Job Support Scheme: It’s tipped the balance in favour of keeping staff for most (but not all) employers

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The new Job Support Scheme is welcome news for many small and medium-sized businesses that have been desperately trying to retain their employees through a sustained period of reduced demand. But it’s not the right solution for all.

John Foundling, corporate finance partner at accountancy firm, Menzies LLP says that for those businesses just requiring a little support to square the financial circle, the new Job Support Scheme, combined with the existing Jobs Retention Bonus Scheme, will tip the balance in favour of keeping staff rather than making redundancies. However, as the Chancellor has made clear, it won’t protect all jobs.

Before deciding whether to take advantage of the new Job Support Scheme, careful consideration is required. Those businesses that have been operating with a skeleton workforce, due to reduced demand or the impact of Covid-19 workplace restrictions, will need to weigh up carefully whether retaining all staff is the right option, given the reduced support from Government. Stretching the finances too far could put the whole business, and therefore all employees’ jobs, at risk. Business owners should review their cashflow and make sure they know where demand is coming from in the months ahead. This will enable them to take the right decisions for the long-term good of the business.

Until last week’s announcement by the Chancellor, some of the businesses most affected by the crisis, such as those in the travel and aviation sectors, event management firms and some hospitality and leisure businesses, had been heading for a cliff edge at the end of October (when the CJRS closes). For these businesses, largescale lay-offs and a rise in insolvencies has seemed inevitable for some time. While the new support package, due to take effect on 1st November, will provide a helpful bridge for many struggling businesses, it will not protect those whose business models have been rendered unviable by the pandemic.

Among the key features of the new support package, the deadline for applications to the Government’s existing loan schemes, specifically the Coronavirus Business Interruption Loans (CBILS), Future Fund Loans and Bounce Back Loans (BBLs), has been extended to the end of November, and a successor scheme will be introduced in January 2021. In addition, the new ‘Pay As You Grow’ loan payback scheme will allow businesses that have taken advantage of these loan schemes greater flexibility when planning to make repayments. For example, the maximum repayment term for CBILS loans has been extended from 6  to ten years, potentially almost halving the monthly repayment required. The Chancellor has also assured businesses that making use of the these extended repayment terms will not affect their credit rating.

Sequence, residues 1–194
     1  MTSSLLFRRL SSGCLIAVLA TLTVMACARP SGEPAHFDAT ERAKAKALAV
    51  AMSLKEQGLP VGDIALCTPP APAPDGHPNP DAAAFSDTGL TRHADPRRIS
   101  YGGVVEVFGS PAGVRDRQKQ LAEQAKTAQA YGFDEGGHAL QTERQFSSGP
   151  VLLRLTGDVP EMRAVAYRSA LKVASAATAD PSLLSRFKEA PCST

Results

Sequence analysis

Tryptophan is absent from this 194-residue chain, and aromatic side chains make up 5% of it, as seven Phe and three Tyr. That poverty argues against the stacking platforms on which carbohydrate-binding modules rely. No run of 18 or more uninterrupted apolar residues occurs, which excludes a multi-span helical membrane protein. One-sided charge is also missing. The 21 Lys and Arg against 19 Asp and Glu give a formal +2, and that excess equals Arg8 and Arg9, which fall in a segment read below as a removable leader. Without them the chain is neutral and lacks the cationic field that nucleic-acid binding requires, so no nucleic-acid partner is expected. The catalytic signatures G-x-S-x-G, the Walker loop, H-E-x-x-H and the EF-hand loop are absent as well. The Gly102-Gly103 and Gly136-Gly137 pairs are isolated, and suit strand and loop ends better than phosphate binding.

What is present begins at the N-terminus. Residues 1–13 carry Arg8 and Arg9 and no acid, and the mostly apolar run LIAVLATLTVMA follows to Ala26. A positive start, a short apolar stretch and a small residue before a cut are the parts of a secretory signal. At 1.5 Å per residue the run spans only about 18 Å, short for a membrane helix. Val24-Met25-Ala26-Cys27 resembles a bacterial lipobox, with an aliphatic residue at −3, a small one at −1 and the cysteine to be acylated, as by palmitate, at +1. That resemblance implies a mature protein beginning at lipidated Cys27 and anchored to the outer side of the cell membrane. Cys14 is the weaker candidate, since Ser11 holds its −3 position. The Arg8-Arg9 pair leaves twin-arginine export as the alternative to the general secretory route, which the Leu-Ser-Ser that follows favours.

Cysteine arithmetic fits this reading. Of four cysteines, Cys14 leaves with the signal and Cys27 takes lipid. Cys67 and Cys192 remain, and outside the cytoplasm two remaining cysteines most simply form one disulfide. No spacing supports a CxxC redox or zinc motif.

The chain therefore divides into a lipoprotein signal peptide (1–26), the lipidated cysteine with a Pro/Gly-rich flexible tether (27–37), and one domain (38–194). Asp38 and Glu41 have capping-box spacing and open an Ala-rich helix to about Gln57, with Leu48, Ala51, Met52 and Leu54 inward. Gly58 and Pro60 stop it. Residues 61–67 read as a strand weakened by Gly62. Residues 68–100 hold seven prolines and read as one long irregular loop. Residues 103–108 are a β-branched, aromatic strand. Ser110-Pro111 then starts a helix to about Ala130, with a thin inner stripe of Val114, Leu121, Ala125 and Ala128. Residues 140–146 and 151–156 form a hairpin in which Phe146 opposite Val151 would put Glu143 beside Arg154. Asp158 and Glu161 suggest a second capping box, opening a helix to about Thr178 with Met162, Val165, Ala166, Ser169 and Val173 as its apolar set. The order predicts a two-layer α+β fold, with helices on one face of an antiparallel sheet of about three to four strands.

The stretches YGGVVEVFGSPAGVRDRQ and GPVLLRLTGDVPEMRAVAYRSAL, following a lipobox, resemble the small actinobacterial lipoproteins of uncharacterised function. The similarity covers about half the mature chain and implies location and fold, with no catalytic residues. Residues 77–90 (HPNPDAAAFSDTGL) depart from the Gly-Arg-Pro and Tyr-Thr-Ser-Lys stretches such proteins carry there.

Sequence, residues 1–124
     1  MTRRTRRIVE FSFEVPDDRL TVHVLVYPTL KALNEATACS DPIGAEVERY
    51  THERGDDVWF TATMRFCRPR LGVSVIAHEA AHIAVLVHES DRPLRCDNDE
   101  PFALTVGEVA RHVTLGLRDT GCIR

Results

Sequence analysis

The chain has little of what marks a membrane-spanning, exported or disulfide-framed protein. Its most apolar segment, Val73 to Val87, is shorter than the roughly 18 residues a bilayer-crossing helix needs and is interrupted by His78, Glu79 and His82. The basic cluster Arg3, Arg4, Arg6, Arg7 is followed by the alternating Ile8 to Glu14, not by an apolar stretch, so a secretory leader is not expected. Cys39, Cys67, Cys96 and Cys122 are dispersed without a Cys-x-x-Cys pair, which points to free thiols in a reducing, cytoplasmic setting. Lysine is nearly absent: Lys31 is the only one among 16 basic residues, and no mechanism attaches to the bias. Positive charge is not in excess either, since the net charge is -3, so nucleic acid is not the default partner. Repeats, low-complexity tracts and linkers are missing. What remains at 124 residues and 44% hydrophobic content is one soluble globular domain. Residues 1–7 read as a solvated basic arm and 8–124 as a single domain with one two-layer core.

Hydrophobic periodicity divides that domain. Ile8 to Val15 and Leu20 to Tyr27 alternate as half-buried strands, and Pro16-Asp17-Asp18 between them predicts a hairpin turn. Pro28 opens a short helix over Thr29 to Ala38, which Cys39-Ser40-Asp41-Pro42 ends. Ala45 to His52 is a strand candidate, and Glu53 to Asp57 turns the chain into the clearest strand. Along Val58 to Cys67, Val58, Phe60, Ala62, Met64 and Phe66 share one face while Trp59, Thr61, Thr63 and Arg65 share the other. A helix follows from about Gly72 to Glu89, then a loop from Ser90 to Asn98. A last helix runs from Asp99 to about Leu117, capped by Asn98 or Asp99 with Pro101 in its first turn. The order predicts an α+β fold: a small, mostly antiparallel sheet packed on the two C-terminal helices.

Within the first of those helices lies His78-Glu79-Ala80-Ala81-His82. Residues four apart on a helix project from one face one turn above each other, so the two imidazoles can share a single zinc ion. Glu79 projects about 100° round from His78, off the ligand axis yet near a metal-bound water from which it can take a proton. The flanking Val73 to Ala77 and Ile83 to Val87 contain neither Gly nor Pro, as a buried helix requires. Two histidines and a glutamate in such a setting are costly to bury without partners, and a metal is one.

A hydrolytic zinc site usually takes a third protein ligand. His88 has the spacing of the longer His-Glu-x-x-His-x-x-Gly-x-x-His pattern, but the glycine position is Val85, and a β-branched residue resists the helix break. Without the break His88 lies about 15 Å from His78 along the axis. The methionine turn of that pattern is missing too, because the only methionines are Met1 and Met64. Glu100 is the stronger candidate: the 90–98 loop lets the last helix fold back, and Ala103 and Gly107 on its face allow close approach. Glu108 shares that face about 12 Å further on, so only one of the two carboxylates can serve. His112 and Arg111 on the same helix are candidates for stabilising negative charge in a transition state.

From the start of November, the new wage subsidy scheme will be available. This has been modelled on the successful German ‘kurzarbeit’ model and is designed to help employers to keep people in work, albeit on reduced hours. To qualify for the scheme however, employers will need to ensure workers are being paid for at least a third of their normal working hours. Many of the worst-affected businesses feel that the bar has been set too high for this scheme and keeping staff in paid employment for a third of their normal hours is simply not possible.

For hospitality businesses that have been struggling to keep going through the pandemic, the decision to extend the cut in VAT, which is currently set at just 5% through to the end of March, is a welcome move. This will help to soften the impact of reduced demand through the winter season, so they can plan to bounce back next spring.

Overall, the new support package will give many businesses more breathing space, so they can continue to focus on generating revenues through this incredibly challenging period of economic uncertainty. To survive and thrive in the future, the key is to stay focused on demand, and adapt businesses accordingly, delivering products and services in new ways where necessary, which could mean focusing more on e-commerce, for example.

While some companies are struggling, others have seen increased demand in certain areas of their business. This new support package will allow them the breathing space required to adapt what they do and how they do it, with a post-Covid future in mind.